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Are U.S. Homeless Worse Off Than India's Poor?

In photographs and written observations of a recent trip to Mumbai, India, former SPUR Director Jim Chappell queries how the lives of the poorest people there compare to the lives of low-income Americans.
May 24, 2019, 1pm PDT | wadams92101
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India has long been emblematic of poverty and inequality. Mother Teresa is known for her work with poor of Kolkata (fka Calcutta). But U.S. poverty and inequality has been on the rise for decades, with the visibility of abject poverty at a nearly unprecedented level. In many U.S. cities, the co-existence of the housed and the homeless is strained, as the number of homeless living in streets and parks diminishes the livability of the cities for even its wealthier citizens. Jim Chappell, a planning consultant and former Executive Director of SPUR, recently traveled to India. As planners and architects can relate, recreational travel for those in the planning professions is never fully recreational. Travel quickly turns into an inquiry of what works differently in the respective destination.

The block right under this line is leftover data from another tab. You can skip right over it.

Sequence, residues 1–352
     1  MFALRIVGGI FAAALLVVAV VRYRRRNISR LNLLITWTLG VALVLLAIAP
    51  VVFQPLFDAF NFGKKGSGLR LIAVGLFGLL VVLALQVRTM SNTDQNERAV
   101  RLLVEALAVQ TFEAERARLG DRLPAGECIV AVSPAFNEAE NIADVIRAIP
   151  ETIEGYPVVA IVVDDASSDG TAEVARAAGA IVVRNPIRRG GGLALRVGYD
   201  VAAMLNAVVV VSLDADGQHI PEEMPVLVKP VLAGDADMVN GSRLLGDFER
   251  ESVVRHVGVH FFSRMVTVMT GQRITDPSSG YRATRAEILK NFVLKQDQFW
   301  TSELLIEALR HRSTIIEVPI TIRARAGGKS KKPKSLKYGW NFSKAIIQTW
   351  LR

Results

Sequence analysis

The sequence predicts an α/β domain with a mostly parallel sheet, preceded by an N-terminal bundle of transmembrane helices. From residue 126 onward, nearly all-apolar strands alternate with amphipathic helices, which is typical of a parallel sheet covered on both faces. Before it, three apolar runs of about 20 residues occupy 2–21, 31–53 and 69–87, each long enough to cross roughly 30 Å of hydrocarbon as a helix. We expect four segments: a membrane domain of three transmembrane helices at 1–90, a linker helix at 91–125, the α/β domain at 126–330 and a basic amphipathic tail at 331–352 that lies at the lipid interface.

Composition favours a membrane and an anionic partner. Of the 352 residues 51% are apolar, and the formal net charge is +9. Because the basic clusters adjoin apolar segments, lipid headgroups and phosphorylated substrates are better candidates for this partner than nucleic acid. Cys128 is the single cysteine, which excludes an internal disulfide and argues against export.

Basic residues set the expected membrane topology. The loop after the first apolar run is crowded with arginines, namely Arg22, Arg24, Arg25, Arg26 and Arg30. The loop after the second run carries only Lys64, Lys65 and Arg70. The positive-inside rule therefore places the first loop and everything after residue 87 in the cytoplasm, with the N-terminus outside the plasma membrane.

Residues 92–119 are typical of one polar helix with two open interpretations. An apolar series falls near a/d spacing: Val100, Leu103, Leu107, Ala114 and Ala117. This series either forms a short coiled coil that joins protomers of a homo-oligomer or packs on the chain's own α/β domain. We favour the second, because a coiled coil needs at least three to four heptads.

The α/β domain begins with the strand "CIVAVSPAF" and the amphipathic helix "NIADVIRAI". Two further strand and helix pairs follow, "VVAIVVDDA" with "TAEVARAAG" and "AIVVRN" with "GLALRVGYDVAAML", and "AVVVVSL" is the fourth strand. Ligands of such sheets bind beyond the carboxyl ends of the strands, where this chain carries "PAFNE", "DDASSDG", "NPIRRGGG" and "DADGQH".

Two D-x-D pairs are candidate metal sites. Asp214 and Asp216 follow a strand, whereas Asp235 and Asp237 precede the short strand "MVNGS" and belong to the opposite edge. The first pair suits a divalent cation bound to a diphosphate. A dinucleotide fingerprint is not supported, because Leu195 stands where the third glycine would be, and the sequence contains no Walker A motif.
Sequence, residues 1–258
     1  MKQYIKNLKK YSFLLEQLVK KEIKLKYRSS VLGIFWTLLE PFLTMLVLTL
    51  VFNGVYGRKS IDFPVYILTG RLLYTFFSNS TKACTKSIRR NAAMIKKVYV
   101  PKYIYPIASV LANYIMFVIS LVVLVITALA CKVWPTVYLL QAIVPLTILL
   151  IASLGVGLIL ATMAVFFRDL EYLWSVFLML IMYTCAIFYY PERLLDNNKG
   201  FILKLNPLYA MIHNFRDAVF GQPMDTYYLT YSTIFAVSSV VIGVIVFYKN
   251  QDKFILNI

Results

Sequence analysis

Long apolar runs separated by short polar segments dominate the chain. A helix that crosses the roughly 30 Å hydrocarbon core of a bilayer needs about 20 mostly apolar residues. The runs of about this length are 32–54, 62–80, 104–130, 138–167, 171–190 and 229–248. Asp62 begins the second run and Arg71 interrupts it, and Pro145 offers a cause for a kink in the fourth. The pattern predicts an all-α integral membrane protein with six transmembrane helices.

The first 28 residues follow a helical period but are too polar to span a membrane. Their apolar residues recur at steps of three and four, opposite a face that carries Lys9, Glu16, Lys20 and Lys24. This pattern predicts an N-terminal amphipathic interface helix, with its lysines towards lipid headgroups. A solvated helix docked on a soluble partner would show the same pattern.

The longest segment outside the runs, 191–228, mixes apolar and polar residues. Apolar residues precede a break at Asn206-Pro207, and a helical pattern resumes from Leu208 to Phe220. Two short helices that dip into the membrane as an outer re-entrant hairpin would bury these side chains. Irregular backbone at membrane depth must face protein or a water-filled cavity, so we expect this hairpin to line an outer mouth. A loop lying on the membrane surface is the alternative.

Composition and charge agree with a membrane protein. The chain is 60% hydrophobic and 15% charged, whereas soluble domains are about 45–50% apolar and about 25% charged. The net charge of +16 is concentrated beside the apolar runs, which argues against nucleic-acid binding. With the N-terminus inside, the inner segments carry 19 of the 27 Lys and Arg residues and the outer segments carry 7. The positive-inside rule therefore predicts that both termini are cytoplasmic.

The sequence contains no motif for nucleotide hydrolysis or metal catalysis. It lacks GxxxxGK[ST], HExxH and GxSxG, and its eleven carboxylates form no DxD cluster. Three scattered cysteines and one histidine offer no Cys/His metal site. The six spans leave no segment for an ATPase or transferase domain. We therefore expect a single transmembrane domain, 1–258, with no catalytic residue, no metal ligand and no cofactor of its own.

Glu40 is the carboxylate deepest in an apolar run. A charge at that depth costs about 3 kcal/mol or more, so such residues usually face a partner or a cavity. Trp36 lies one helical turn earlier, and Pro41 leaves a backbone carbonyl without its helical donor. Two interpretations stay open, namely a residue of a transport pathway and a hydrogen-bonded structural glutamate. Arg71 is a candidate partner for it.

Chappell was struck by the impression that the poorest people of India seemed less disconnected and less socially isolated than their counter-parts in the United States. Additionally, they seemed to have access to work and while housing was substandard, he saw far fewer people sleeping exposed, in the open, in public spaces. While admittedly not an academic or scientific, Chappell provides some food for thought about how we in the United States are failing our poor:

India is a tremendously different culture, an ancient culture with religions and family structures and social structures different from ours. I am not qualified to draw any conclusions from it. But somehow they have managed to provide work that is necessary for society and meaningful enough to the individuals that they do it. And the people have a place to live, very substandard though it may be.

For more detail on Chappell’s observation, as well as photographs, please visit the source article.

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Published on Saturday, April 27, 2019 in UrbDeZine
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